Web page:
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Processed Data Table- The effect of changing pH on reaction rate in a catalase-hydrogen peroxide
reaction
pH Change in mass of the solution; initial mass subtracted from final mass
Trial 1 (g) Trial 2 (g) Trial 3 (g) Trial 4 (g) Trial 5 (g)
5 -0.03 -0.04 -0.02 -0.03 -0.03
6 -0.05 -0.03 -0.06 -0.04 -0.05
7 -0.09 -0.08 -0.04 -0.12 -0.09
8 -0.05 -0.04 -0.01 -0.04 -0.03
9 -0.01 -0.02 -0.03 -0.01 -0.02

Processed Data Table#2- The effect of changing pH on reaction rate in a catalase-hydrogen peroxide
reaction
pH Mean change in mass of St.Dev. of data set (g) St.Dev. to mean ratio
the solution (g) (%)
5 -0.03 0.0071 24
6 -0.05 0.011 25
7 -0.08 0.029 34
8 -0.03 0.015 45
9 -0.02 0.0084 46

Processed Data Table#3- The effect of changing pH on reaction rate in a catalase-hydrogen peroxide
reaction
pH Mean Reaction Rate (gs-1)
5 -0.0015
6 -0.0023
7 -0.0042
8 -0.0017
9 -0.0009

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Graph

Correlation between pH and reaction rate in an


enzyme-catalysed reaction (catalase, H2O2)
Solution pH Value
0
0 1 2 3 4 5 6 7 8 9 10 11 12 13 14
-0.0005

-0.0009
-0.001

-0.0015 -0.0015
Reaction Rate (gs-1)

-0.0017

-0.002
-0.0023
-0.0025

-0.003

-0.0035

-0.004
-0.0042

-0.0045

Discussion
Post examination of the data showed a positive correlation between the pH value of the substrate
solution and enzyme activity, indicated by the increasing reaction rate, till pH 7, after which, there was a
negative correlation. In addition, the gradient between the pH 8 and pH 9 data point is less than the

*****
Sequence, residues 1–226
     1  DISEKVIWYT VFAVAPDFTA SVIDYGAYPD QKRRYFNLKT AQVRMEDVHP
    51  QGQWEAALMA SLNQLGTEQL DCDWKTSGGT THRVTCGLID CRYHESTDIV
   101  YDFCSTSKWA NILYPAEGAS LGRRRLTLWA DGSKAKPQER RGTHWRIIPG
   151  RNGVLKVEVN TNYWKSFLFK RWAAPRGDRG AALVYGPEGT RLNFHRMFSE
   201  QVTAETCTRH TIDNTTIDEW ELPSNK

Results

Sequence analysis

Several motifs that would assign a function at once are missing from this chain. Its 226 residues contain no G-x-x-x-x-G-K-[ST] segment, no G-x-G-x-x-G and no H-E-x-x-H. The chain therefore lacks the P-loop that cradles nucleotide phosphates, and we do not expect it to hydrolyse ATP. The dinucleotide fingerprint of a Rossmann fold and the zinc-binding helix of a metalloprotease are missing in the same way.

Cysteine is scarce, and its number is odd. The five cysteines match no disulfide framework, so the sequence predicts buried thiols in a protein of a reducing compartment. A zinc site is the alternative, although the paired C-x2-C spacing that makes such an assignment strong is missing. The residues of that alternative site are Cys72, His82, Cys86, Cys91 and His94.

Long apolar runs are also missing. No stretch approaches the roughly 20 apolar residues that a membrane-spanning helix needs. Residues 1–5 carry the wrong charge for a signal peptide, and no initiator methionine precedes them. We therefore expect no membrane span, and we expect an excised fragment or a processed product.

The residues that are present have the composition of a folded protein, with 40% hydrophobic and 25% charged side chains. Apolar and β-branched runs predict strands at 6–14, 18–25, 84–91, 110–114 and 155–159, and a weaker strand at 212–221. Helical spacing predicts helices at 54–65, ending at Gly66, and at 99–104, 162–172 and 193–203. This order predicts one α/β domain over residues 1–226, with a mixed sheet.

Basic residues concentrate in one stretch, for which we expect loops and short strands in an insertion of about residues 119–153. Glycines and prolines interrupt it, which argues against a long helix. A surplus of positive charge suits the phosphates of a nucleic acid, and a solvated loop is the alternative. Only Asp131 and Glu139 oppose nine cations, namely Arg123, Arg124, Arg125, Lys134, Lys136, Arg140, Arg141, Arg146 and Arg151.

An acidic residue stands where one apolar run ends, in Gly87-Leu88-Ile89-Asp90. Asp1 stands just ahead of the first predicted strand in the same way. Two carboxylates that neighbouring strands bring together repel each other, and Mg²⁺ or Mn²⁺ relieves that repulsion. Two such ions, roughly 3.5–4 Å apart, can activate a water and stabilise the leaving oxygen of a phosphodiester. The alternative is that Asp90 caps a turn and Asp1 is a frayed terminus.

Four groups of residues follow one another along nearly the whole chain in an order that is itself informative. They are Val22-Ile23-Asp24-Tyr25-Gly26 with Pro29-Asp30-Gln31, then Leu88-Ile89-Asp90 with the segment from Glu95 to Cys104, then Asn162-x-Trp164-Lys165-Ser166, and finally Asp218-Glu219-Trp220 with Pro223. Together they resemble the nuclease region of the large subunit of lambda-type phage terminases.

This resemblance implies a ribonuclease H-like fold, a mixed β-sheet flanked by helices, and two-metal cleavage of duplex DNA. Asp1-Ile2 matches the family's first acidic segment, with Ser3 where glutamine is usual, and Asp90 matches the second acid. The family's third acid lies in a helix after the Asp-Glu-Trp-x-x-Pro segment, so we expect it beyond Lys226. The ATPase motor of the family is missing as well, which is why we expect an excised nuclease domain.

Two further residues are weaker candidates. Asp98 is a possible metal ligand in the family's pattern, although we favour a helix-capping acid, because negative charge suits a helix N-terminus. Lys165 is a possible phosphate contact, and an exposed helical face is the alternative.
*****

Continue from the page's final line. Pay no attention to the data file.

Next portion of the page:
gradient between the pH 7 the pH 8 data points, this trend is mirrored on the other side of the pH 7
point. This relation implies a normal distribution, where it is predicted that the gradient would plateau
at the x-axis as the pH increases or decreases from pH 7. In order to be able to accurately predict values
using a function, more data is required. In a normal distribution the modulus gradient after the maxima
should be equal to the modulus gradient before the maxima, making the curve symmetrical. This is not
the case as the reaction rate at pH 6 (-0.0023) does not equal the reaction rate at pH 8 (-0.0017), making
a skewed normal distribution. However, it is important to note that the recorded mass losses (processed
data table#2) of these points are within one standard deviation of each other. It is also important to
note that the standard deviation to mean ratio of the reaction rate at pH 8 and 9 are over 40%, implying
that there are discrepancies and outliers within the data set. However, this was expected, as the
measuring tool could only measure up to 2 decimal places of a gram, compromising accuracy. Because
of this, it is possible that the measured data, in part, is a misrepresentation of the actual relation
between the two variables.
As the relation between pH value of the substrate solution and enzyme activity take the form of
a skewed normal distribution with the maxima at pH 7, the hypothesis has been partially met. The
results disagree with the hypothesis as it was predicted that the correlation would take the shape of a
bell curve. In the graph, this is not the case as the data point at pH 8 is not equal to the data point at pH

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Biology Lab Report

6. However, it is concluded that the hypothesis is ‘partially met’ and not ‘not met’ as there are